I encourage parents to video parts of the lesson to supplement their notes. I ask that you not share these videos on the internet as they are designed for personal use and are made specifically to help your child learn.
  9. Should I buy or rent an instrument?
    I recommend purchasing an instrument. You will have a higher quality instrument that can be traded in when you are ready to upgrade to the next size or quality. You will be responsible for all repairs and upkeep for a purchased instruments, so some families prefer to rent.
  10. Why do you teach the Suzuki Method?
    I believe that through a strong Suzuki Triangle (parent-child-teacher) relationship we can build great skill on our instrument and develop good character. I teach with love and believe in developing the whole child.
  11. Why is listening so important?
    Your child should listen to the recording everyday. Through listening, they will develop awareness of tone, rhythm, pitch, and musical expressiveness. Just as a child needs to hear language before attempting speech, a child needs to be familiar with the pieces they will play before attempting to play them.
  12. Why is reviewing so important?
    Reviewing, renewing, and repeating previously learned pieces and skills will help solidify the child’s musical ability. It will also help develop memory, concentration, and the learning process. There is the added benefit of continuing to polish a piece to the child’s current best. Imagine if you only used words you recently learned! To really develop fluency in music the child must continue to review everything they have learned. Dr. Suzuki once said “Ability breeds further ability!” As the child continues to internalize and polish review pieces and skills they are preparing to developing new skills and future pieces.
  13. What does tuition cover?
    a. Tuition covers your private lessons (tuition is the same regardless of the number of lessons), group classes, studio events such as recitals and parties, teacher’s time spent on administrative duties, teacher’s time spent attending book recitals, teacher development, parent education nights, and studio incentives.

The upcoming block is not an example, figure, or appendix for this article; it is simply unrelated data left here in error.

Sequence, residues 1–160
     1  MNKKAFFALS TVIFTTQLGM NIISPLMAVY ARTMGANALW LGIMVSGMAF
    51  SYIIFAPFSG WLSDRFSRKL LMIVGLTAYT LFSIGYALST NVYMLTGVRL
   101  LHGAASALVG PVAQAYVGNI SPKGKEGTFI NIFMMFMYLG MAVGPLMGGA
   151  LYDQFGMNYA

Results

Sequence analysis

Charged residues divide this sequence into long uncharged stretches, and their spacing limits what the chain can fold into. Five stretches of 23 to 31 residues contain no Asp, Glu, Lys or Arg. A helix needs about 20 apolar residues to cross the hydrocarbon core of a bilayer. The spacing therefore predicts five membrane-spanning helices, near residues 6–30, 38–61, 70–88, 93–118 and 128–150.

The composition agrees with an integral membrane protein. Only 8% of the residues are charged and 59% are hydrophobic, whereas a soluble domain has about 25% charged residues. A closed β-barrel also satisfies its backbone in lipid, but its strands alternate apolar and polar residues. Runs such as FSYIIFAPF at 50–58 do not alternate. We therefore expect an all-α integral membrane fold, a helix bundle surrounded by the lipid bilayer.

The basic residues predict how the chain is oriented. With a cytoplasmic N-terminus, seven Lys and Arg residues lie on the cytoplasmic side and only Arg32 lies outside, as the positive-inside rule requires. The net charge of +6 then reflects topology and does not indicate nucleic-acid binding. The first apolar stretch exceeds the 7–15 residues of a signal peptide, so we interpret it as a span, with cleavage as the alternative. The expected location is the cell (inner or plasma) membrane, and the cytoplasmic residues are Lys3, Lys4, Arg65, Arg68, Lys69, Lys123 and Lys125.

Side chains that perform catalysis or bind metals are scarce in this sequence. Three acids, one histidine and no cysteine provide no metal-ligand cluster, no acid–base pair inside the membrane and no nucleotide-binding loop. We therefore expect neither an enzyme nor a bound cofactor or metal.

b. No make up lessons will be given.  Please note that you may request a video chat lesson if you are unable to physically attend your lesson time. Please take advantage of extra lessons and group classes. There are no refunds.
    c. Please note studio breaks as indicated on your MMS calendar.
    d. Your tuition is your membership to the studio, not simply a given number of lessons.
  14. What other costs are associated with lessons?
    Some examples of things that are not included in your tuition are books and materials, competitions, festivals, institutes, workshops, summer camps, youth orchestras, and accompanist fees. Please plan accordingly.
  15. When is tuition due?
    Your tuition is due by the 1st of each month. 
  16. What does the studio calendar look like?
    Each year students participate in lessons, group classes, practice challenges, recitals, workshops, and students events. Each student has an online account and calendar through My Music Staff that includes all of their studio events. Please keep up to date with your calendar and emails.

    Weekly lessons are held year round with breaks for holidays, teacher training, and vacations.

    Group Classes
    Group classes are held from September through May based on student availability. Please check your calendar for the exact schedule. Virtual group classes may be offered as well.

    – 2 Studio Recitals are held each year, typically 1 per semester
    – Book Recitals are scheduled on an individual basis
    – Animato Strings may be scheduled to perform throughout the year
    – Students may be asked to perform at special community performances (2+ per year) during the holidays and summers at places such as a retirement community, coffee shop, or farmers markets.

“Musical training is more potent instrument than any other, because rhythm and harmony find their way into the secret places of the soul.” ~ Plato